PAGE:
Nova Scotia

Union advises teachers to brace for 'personal disputes' during work-to-rule

The president of the Nova Scotia Teachers Union is urging members to "stay strong and united" and "avoid personal disputes" after reinstating work-to-rule job action.

'We are all anxious about what the coming week may bring,' NSTU president says

Nova Scotia Teacher's Union president Liette Doucet has accused Premier Stephen McNeil of not being committed to the recent tentative agreement. (CBC)

The Nova Scotia Teachers Union sent out a letter Sunday urging its 9,300 members to stay united and "avoid getting into personal disputes" in the coming days after reinstating work-to-rule job action.

"I know the sudden change in direction has created uncertainty. We are all anxious about what the coming week may bring," union president Liette Doucet said in the letter.

"We need to stay strong and we need to stay #NSTUnited."

She blamed the job action on Premier Stephen McNeil, whom she accused of trying to "cherry pick articles of the contract for political purposes when he sees fit, he's clearly not committed to the deal."

Doucet urged teachers to remain outspoken on social media and contact MLAs to voice their opinions. 

"It is, however, important we remain positive and avoid getting into personal disputes with those that do not share our purpose. That does nothing to help our cause," she said.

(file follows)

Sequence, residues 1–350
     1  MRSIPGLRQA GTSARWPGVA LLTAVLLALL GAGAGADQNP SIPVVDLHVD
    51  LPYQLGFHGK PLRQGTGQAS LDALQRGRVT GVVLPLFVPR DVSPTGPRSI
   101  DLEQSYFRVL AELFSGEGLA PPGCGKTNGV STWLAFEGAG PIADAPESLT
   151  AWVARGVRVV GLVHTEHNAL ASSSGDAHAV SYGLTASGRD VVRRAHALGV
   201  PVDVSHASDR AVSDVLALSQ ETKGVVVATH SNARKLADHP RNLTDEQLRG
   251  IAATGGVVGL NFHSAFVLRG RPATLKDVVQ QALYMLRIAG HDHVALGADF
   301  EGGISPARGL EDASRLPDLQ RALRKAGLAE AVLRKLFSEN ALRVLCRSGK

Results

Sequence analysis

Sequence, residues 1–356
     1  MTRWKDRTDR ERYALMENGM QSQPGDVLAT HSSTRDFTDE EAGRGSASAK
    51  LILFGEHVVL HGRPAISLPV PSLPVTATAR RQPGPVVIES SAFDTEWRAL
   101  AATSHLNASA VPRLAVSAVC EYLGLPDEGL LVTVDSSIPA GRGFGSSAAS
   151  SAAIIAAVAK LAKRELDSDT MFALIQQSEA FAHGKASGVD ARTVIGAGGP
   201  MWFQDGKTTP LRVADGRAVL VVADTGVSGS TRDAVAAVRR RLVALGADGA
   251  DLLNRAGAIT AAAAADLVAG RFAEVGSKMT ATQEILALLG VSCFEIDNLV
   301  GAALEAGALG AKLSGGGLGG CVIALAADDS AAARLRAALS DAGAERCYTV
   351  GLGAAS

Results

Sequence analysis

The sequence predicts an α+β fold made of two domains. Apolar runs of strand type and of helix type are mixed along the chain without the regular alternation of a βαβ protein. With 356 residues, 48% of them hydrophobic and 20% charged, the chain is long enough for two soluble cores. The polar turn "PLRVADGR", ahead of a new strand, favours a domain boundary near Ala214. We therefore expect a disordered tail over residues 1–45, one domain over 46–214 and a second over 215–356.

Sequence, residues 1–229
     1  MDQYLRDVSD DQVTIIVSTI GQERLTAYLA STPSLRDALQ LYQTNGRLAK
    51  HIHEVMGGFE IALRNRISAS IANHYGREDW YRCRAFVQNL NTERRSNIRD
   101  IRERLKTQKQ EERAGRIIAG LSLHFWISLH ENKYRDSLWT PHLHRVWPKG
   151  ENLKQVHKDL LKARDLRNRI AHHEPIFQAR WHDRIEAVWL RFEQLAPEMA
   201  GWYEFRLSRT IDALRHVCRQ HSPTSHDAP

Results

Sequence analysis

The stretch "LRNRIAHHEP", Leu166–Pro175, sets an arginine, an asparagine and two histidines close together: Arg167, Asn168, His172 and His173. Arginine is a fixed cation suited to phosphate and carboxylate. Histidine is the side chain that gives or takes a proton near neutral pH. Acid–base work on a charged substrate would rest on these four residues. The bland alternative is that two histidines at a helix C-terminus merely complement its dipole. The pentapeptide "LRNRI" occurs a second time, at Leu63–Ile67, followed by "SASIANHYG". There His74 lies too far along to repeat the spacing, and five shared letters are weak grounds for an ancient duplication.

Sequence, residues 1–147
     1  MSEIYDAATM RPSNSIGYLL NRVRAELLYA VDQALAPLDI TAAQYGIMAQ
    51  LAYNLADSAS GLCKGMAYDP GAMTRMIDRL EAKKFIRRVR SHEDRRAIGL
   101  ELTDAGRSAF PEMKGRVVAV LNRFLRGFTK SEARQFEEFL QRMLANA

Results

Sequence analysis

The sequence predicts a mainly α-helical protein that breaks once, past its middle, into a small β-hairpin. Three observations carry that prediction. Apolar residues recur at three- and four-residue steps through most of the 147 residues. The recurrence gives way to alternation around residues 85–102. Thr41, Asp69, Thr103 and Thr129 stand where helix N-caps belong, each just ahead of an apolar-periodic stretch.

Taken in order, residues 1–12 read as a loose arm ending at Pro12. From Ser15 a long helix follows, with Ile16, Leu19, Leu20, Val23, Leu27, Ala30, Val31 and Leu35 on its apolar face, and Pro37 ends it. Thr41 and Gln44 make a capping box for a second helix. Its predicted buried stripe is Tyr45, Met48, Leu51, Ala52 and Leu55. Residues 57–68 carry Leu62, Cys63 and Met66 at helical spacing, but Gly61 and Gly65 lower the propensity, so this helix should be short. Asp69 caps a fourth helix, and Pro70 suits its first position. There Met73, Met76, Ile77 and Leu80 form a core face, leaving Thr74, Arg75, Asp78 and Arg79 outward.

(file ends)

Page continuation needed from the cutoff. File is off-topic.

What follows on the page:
'They will try and divide us'

The union announced Friday afternoon teachers would resume work-to-rule Monday. It said the premier reneged on a section of a tentative agreement reached earlier this month involving two extra days of leave.

The contract describes the two days of leave with pay as "self-directed preparation/development of the teacher," for which "teachers will not be required to provide reasons." McNeil later said that time is intended for marking and class preparation time.

"That means there is no guarantee his government will keep its promise to invest $20 million into classrooms over the next two years. That's why we need to continue our stand," Doucet said.

"They will try and divide us. They will try and distract us. But we can't let them."

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